How to cure sticky carbon paddle connection?

I admit I have wondered if it is just the fastidious wiping that I do before applying the T-9 is what REALLY keeps the joints from sticking. Maybe a reason for a field test.

I can add that I did nothing with my carbon paddles for years, other than rinse well at the end of the season. Worked fine, until it didn’t.

I actually also had a Wind Swift all carbon paddle, that Eddyline used to make. Eddyline did suggest very light sanding if stickiness and difficult operation was an issue, and that paddle I did use very fine wet/dry sandpaper to loosen up the fitting after several years. It was the only one that needed that at that time. And that helped…for a while.

The tightness was very gradual, both for the Wind Swift and the Werners. Like watching the diameter of you tree increase, smile. Nothing I could detect, either carefully feeling, or inspecting with bright light and a magnifying glass. It was like one season they felt a bit tighter, but I could easily think it was my imagination. The next season, maybe a bit tighter, maybe not. Next season, once in a while I had to really pull hard, but most times seemed normal. Next season had to pull hard more often. Until it became very difficult at the end of a paddle, and at the start it was just a bit more difficult to put together.

All of that suggested possible salt deposits. We mostly paddle in low salinity brackish, tidal rivers. Salinity 1-8 ppt (yes, science nerd here, guilty as charged), so quite low and the deposits, as I said, were not visible. But apparently enough to reach a threshold where the operation was compromised. And, it reminded my of experience with ropes that live on deck for long periods of time, that very slowly, get stiffer and stiffer, as the seasons progress.

I did try washing, using a scrubbing sponge, and magic erasers, to remove any deposits. That only partially helped, and not for long. I tried shifting to rinsing every time we got back from paddling, again not really much help. So I tried soaking, recognizing that is the typical treatment for ropes with salt embedded. It simply takes some time for the salt to dissolve. A couple hours worked fine for our paddles. But it is easier to just leave them soaking overnight for an absent minded person like me, so that is now my standard procedure, with a 5 gallon bucket living in my garage with the kayaks for just that purpose.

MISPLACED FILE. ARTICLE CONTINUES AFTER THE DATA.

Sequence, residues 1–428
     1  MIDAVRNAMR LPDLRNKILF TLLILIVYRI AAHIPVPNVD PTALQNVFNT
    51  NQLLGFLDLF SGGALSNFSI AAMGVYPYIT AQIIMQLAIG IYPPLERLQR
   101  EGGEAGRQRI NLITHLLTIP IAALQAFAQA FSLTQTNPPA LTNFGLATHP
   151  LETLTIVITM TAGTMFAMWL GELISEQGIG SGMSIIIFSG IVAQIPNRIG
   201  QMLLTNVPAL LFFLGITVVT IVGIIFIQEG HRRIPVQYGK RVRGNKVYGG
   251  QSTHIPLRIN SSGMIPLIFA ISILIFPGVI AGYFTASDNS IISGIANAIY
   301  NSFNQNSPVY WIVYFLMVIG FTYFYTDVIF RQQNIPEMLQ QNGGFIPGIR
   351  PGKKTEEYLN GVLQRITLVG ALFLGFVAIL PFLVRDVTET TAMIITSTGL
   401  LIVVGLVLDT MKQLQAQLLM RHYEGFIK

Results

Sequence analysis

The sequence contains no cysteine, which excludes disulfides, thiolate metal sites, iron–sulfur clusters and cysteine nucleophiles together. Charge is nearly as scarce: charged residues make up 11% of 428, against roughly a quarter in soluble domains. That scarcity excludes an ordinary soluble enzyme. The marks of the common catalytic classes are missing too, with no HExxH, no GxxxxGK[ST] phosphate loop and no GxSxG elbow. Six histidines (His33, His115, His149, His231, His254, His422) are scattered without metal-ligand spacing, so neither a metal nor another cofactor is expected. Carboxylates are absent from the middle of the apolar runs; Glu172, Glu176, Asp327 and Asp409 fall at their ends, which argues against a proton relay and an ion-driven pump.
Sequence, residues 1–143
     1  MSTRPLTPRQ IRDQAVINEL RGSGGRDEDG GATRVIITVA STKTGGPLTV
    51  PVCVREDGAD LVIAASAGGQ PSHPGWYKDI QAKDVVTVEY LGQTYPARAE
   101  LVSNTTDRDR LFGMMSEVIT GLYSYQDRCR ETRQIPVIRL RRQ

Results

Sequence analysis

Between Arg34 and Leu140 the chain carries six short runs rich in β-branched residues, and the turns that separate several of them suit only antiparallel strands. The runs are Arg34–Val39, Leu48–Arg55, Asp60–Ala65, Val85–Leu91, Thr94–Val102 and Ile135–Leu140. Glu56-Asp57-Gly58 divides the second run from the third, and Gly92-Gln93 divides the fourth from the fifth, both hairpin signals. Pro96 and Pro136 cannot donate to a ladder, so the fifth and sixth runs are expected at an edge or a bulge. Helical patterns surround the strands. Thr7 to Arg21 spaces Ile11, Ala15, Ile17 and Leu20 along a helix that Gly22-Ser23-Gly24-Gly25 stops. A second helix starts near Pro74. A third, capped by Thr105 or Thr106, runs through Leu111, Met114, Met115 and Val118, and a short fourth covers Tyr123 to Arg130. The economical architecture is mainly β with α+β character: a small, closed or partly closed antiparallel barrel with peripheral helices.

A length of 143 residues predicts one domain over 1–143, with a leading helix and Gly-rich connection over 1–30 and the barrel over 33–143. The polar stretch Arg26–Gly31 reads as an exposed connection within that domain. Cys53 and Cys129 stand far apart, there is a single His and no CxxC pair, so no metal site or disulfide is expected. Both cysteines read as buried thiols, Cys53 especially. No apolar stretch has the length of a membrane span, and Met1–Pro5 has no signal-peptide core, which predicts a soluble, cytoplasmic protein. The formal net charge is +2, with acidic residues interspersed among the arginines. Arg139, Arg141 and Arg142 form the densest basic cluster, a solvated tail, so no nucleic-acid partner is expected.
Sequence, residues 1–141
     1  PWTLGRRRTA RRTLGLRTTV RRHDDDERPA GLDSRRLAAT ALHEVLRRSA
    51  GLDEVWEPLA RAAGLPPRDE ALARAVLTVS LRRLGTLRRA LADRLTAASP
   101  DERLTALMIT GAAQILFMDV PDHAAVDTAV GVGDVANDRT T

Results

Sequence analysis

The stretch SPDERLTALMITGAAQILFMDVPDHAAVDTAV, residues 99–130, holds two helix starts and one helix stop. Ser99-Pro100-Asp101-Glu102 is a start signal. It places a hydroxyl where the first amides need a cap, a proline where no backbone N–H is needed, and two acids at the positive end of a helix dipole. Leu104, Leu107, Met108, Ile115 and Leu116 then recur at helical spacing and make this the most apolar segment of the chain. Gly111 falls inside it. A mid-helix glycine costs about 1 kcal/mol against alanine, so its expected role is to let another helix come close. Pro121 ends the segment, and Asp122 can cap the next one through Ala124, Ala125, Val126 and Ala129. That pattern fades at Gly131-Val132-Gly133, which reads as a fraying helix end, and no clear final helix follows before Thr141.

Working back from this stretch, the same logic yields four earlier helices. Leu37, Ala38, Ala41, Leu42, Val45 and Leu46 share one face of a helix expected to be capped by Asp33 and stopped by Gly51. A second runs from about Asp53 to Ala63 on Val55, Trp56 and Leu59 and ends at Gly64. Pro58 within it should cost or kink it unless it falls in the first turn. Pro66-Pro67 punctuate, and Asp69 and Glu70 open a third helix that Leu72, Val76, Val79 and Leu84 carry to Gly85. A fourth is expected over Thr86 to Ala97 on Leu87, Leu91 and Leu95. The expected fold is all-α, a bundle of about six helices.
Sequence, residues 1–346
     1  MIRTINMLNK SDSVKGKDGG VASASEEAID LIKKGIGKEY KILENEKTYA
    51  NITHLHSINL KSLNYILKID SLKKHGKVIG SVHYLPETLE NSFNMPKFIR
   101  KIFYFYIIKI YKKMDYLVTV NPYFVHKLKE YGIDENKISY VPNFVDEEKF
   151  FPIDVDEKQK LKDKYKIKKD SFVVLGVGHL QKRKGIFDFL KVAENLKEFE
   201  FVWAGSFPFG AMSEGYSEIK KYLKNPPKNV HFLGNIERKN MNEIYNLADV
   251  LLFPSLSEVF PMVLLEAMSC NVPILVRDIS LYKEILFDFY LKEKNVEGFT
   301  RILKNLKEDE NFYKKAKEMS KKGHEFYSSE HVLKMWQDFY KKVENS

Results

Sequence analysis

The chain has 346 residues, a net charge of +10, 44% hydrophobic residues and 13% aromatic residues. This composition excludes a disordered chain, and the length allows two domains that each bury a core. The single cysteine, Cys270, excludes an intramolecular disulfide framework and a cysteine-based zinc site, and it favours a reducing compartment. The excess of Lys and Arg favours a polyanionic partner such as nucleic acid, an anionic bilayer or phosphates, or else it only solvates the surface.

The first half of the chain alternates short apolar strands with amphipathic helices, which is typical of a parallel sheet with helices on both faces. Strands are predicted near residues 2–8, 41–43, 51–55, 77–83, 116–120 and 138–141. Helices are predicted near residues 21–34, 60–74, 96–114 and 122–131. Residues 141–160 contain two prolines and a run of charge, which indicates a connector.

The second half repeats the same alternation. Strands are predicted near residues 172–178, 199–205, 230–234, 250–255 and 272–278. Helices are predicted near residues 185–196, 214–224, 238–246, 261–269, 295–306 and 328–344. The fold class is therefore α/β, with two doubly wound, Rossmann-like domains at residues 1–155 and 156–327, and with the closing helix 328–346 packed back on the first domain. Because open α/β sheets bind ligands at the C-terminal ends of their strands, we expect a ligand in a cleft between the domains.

They do make salt dissolving solutions that you can buy, and that probably works faster, but water is fine so far. I will say that I am curious if mineral deposits from our municipal water supply may do the same thing over time. We get deposits in all the sinks and the tub, and on faucets. An application of vinegar from time to time solves that, so if the paddles get difficult even with soaking in tap water, I will add some vinegar for non salt deposits that may have formed.

I am a fan of using a bit of sunscreen on both sides of the connection. It is handy and works great.

I’ve had a problem only once, and that was with an older Camano which I had loaned out so I may or may not know the whole story. Anyway, after thorough soaking, sponging with clean water, rinsing and drying, I applied a very small amount of DuPont silicone with Teflon. I still have the paddle and have not had to fuss with it since.


Werner has long been plagued with stuck joints on their paddles. They usually blame it on user failure to rinse and maintain the paddle. They also expressly - at least in the past as I haven’t owned one of their paddles for years - say not to use any sort of lubricant.

My solution to the ever unwilling to separate, yet properly maintained Camano I previously owned was dry lube for bicycle chains. It doesn’t attract dirt, can be cleaned off with rubbing alcohol and worked very well. My current GearLab GL paddles have all come with a tube of what looks like drysuit zip lube.

I also don’t toss my paddles up on the beach when I land or lay them on the ground. The paddle gets stored under the deck lines or in the cockpit. My spare paddle is assembled rather than in two pieces on the deck, which helps keep the joint cleaner. Plus it seems to me that a paddle will break at the most inopportune time. Quicker to grab an assembled paddle than try to put one together under stress. Maybe that’s just habit from my wood GLs, and might not work as well for euros.